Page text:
• Urinary tract infections

Some give immediate results, while others may need to be sent to and analyzed in a lab.

Self-tests that check for allergies and sensitivities do exist, but they may not be as reliable as tests performed by a lab or healthcare professional.

Lab Tests

When you visit a healthcare provider, you may need:

  • Urine tests to confirm UTI
  • Blood tests to check hormone levels
  • Vaginal fluid tests to check for infections
  • Allergy skin tests to check for reactions
  • Biopsies to analyze cell samples

Imaging

In some cases, imaging is the best way to find what's causing your vaginal pain. For example, a transvaginal ultrasound can show endometriosis.

Endometriosis can also show up on a magnetic resonance imaging (MRI) test, a computerized tomography (CT) scan, or a laparoscopy. That's a test in which a tiny camera on a long tube takes pictures inside your body.

Imaging tests can also detect pelvic floor problems and internal injuries.

Treatment

Treatment will depend on the exact cause of your soreness or pain. In some cases, changing your routines may be all that is needed. In others, medical intervention may be necessary.

Home Remedies and Lifestyle

Vaginal pain may decrease if you make some simple changes. For example, it may help to:

  • Temporarily stop having sex
  • Use plenty of lubricant when you do have sex
  • Avoid products that irritate your skin
  • Use cool compresses or gel packs for relief
  • Take a warm sitz bath

Medications

Conditions like STIs need to be treated. They won’t go away on their own and can cause serious consequences if left untreated.

In some cases, medication can resolve or cure the pain. Antibiotics or anti-fungals for infections are a good example. If the pain is from a long-term condition, a healthcare provider can help you manage symptoms with medications, including:

Physical Therapy

Your therapist may work with you to build your pelvic floor muscles.

Some people learn to relax vaginal muscles using dilators, which are tapered wand-like tools that come in various sizes.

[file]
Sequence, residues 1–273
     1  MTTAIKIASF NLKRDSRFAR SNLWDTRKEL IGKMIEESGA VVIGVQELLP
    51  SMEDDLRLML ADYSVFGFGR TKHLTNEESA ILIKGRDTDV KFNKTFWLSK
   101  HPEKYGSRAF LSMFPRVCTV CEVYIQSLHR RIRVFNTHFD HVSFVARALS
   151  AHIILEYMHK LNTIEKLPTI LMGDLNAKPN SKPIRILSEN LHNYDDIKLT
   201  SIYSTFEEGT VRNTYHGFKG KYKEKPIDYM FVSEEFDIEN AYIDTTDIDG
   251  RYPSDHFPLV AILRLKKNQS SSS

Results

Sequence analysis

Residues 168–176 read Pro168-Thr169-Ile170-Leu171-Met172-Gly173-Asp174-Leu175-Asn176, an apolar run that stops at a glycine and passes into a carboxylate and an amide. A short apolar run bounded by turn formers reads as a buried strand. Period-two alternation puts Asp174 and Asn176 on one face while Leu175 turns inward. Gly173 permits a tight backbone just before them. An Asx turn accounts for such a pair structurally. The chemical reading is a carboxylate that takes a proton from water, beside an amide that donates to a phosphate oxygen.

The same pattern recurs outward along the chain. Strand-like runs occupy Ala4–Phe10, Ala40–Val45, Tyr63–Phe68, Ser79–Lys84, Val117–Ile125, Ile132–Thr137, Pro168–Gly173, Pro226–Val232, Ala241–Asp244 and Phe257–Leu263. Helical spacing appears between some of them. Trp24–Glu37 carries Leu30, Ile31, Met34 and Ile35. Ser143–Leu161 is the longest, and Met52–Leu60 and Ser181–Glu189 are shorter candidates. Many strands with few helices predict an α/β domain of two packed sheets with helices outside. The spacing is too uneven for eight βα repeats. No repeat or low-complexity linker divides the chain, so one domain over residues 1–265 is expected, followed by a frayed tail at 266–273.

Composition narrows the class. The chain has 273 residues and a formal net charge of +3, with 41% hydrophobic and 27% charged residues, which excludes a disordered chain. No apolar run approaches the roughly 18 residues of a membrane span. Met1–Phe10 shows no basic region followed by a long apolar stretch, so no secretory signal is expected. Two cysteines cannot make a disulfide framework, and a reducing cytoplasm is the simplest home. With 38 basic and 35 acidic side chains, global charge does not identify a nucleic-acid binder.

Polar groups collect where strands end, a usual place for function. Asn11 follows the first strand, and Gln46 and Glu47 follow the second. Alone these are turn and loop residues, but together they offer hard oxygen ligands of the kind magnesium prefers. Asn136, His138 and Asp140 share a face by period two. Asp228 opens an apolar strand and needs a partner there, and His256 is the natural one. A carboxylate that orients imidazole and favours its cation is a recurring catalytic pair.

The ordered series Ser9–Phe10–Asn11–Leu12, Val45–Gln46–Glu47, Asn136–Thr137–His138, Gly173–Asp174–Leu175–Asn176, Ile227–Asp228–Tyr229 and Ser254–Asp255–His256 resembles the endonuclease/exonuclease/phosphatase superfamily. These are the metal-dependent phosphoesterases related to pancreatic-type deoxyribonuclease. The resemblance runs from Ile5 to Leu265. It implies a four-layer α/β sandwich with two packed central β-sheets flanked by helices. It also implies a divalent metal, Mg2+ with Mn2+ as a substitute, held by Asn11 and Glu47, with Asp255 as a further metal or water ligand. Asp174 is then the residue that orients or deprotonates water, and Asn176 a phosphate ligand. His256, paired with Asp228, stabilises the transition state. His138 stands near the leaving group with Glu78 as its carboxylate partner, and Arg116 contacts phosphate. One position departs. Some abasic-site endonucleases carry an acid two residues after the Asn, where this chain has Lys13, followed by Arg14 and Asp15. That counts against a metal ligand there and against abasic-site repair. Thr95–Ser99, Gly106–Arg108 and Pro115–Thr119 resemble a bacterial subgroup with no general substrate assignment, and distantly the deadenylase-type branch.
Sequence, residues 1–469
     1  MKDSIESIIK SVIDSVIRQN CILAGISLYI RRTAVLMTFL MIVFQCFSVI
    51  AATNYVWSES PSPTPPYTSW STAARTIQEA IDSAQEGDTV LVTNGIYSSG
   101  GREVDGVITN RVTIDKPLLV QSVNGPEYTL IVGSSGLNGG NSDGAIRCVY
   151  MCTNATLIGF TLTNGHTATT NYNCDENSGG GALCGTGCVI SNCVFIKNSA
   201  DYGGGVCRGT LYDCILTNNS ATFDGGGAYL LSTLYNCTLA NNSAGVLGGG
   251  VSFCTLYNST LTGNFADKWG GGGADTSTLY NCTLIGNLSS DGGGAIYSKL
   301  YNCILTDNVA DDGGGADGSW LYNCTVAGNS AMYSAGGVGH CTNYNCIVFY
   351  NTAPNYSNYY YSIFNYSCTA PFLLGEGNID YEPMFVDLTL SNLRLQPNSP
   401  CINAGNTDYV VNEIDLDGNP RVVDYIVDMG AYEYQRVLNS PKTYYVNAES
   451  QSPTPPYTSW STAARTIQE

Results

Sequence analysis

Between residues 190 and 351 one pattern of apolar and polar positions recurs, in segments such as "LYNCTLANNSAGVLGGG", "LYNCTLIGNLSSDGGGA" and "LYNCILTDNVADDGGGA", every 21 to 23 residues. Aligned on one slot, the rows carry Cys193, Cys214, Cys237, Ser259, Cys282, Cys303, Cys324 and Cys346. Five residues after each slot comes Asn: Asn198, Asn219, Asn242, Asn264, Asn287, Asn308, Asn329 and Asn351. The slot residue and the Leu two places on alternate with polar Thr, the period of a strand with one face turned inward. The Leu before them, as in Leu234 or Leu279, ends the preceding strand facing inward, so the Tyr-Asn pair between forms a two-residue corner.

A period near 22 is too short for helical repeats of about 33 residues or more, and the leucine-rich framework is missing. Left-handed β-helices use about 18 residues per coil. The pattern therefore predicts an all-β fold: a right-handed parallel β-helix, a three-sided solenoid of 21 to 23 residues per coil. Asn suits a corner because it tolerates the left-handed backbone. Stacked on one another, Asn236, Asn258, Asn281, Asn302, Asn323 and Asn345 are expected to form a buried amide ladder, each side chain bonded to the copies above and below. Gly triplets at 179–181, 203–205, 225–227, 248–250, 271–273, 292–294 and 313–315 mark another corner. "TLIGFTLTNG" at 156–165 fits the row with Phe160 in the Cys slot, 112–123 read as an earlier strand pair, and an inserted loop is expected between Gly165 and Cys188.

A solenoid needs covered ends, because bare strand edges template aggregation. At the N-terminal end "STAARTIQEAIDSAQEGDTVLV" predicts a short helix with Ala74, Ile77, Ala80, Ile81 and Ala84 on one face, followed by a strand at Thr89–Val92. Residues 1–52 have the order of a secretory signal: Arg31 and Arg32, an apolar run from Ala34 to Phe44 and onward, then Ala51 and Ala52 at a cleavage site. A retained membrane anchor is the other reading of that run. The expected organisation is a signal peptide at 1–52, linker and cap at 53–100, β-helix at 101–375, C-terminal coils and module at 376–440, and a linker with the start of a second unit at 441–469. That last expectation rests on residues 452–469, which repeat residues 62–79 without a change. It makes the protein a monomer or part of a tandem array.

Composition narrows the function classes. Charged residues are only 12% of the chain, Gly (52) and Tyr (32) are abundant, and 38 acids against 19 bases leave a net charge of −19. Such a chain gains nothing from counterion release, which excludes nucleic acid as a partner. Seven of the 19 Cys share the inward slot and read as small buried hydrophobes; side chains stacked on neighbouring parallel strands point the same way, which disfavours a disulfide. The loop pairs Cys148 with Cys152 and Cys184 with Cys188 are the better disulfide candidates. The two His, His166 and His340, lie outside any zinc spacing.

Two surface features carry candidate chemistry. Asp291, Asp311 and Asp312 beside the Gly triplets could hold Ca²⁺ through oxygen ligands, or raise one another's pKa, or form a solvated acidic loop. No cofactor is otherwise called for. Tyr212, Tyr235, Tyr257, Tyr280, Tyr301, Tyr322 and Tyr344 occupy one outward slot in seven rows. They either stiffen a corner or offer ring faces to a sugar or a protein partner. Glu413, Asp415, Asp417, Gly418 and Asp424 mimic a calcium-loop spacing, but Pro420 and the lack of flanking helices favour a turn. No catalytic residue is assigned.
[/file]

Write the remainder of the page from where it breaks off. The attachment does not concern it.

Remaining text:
Psychotherapy

Cognitive behavioral therapy can teach you strategies to relax tense muscles or cope with anxiety, trauma, or pain.

Surgery

If the pain does not go away with other treatments, you may need surgery. For example, if you have an infected Bartholin's cyst, it may need to be drained.

In some cases, surgery to remove scar tissue helps with endometriosis symptoms. A hysterectomy—removal of the uterus—is another option for endometriosis.

Prevention

To protect your vulva and vagina, you can:

  • Wear only loose-fitting pants and underwear
  • Choose underwear that are 100% cotton or bamboo
  • Use alcohol-free lubricants
  • Opt for latex-free condoms
  • Avoid douching
  • Limit physical activity that puts pressure on your vulva, such as cycling
  • Stop using soaps, wipes, or products with fragrances and preservatives

Summary

Pain in or around your vagina can have many possible causes. Infection, injury, health conditions, menopause, childbirth, pelvic floor problems, and allergies can all make the vulva or vagina sore.

Most of the time, vaginal pain will go away on its own or with self-care. But some types can be serious. Medication, physical therapy, and even surgery may be needed to restore your health.

A Word From Verywell

Some healthcare providers may minimize women's concerns about pain. Studies show that women of color, trans and LGBTQ people, and women with low incomes, chronic pain, or disabilities often feel their doctors don't "get" them and their pain.

When you're seeking care for vaginal pain—or anything else—you need a healthcare provider who takes your symptoms seriously. If you don't feel heard and respected, look for another provider.